28/09/2020 | Press releases

Long-term patient volunteers at hospital to ‘give something back’

Having been treated for type 1 diabetes since the age of two, Jack Dawson is familiar with trips to Ipswich Hospital.

But in addition to his regular hospital visits for blood tests, or discussions about medication, the 18-year-old from Ipswich has decided to become a volunteer so he can give something back to the Trust.

Jack, who lives in Ipswich with his parents and 14-year-old brother, decided he wanted to help out after years of care from staff he calls “amazing”.

After finishing his A levels in Graphics, PE and photography at Northgate Sixth Form in Ipswich, he felt he was able to dedicate some of his time to the hospital, and has joined the team who maintain the gardens and grounds to help improve areas around the site.

Jack said: “I have been going to the hospital all my life because of my diabetes. I have my bloods taken every six months and everyone has helped me out so much. If I’ve ever needed any help they’re there.”

Jack has been working on a decking area near pathology for patients, visitors and staff to sit.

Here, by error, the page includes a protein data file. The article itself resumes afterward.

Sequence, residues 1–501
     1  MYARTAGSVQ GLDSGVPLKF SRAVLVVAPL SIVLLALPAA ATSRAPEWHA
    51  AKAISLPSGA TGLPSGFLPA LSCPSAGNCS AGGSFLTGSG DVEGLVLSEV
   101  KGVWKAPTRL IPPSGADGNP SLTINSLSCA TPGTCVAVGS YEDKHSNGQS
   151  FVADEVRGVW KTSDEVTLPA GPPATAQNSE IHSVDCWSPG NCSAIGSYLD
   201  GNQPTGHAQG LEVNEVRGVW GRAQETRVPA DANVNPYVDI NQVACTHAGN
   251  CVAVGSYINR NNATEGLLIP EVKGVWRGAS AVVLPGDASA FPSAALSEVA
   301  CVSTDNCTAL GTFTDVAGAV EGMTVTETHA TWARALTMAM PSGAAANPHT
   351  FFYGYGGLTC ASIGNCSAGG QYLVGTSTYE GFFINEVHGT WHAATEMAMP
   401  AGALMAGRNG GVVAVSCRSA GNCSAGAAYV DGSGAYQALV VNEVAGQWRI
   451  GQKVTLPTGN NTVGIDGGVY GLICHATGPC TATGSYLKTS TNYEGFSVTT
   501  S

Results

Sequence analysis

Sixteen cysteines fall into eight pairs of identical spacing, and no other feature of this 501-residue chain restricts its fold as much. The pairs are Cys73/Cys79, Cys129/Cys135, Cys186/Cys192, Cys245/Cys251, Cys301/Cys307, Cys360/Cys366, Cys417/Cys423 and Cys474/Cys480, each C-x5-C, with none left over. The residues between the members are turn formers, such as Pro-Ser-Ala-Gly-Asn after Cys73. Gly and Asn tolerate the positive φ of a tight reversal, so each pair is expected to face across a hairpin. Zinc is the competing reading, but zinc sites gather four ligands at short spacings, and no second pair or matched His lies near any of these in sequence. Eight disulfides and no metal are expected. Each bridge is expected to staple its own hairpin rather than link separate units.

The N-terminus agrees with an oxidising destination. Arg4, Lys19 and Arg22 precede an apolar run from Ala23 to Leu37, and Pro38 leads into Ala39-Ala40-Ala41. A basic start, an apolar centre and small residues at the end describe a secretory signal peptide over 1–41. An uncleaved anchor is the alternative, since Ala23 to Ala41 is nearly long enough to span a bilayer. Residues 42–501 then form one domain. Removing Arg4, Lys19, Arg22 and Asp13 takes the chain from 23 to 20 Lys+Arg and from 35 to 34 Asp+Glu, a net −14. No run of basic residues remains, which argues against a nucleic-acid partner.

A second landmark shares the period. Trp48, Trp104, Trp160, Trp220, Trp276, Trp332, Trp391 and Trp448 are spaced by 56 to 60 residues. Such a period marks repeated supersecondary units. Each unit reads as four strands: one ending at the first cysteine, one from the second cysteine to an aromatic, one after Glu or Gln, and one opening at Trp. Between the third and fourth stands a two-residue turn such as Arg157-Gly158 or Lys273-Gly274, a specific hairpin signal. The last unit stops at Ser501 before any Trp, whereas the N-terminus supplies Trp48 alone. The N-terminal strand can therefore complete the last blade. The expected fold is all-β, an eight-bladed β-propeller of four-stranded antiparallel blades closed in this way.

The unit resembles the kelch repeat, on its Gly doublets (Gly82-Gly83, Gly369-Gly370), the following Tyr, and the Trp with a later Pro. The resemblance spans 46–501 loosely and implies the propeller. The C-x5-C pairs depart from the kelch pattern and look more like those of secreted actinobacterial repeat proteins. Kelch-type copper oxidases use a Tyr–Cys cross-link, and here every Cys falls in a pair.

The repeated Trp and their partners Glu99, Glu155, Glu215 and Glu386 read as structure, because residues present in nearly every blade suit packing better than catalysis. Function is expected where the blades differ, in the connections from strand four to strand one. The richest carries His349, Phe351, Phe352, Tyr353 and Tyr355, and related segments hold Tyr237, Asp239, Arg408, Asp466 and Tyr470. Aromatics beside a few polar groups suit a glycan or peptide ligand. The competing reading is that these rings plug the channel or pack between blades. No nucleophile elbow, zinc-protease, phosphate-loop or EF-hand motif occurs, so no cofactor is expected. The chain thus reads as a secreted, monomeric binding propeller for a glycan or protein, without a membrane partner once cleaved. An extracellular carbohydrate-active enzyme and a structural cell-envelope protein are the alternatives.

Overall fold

He said “I’m not stopping until I’ve completed the decking. I know I’m not doing a massive thing, but hopefully it’s helping people to have an area to relax in.”

He’s also been painting railway sleepers for flowerbeds, working with bark chippings on the site and renovated a pergola.

Peter Chapman, grounds manager at ESNEFT, said: “Jack has made great progress so far, with repair work to the summerhouse nearly complete and general gardening coming along nicely.

“Jack has shown maturity and forward thinking towards this project. I feel being able to offer people these opportunities is a huge positive and brings much enjoyment, reward and in turns helps to support our Trust.”

Jack’s diabetes is monitored regularly through a system which connects to a piece of plastic in his arm linking up with an app on his phone. He said he checks the app every ten minutes to ensure his blood sugar levels are OK, as well as taking regular medication to balance his insulin levels.

He said: “It feels nice to be able to give something back. I’m learning new skills too and trying out this kind of work. I’ve always wanted to see what working in this environment would be like, so it’s a great experience too.”

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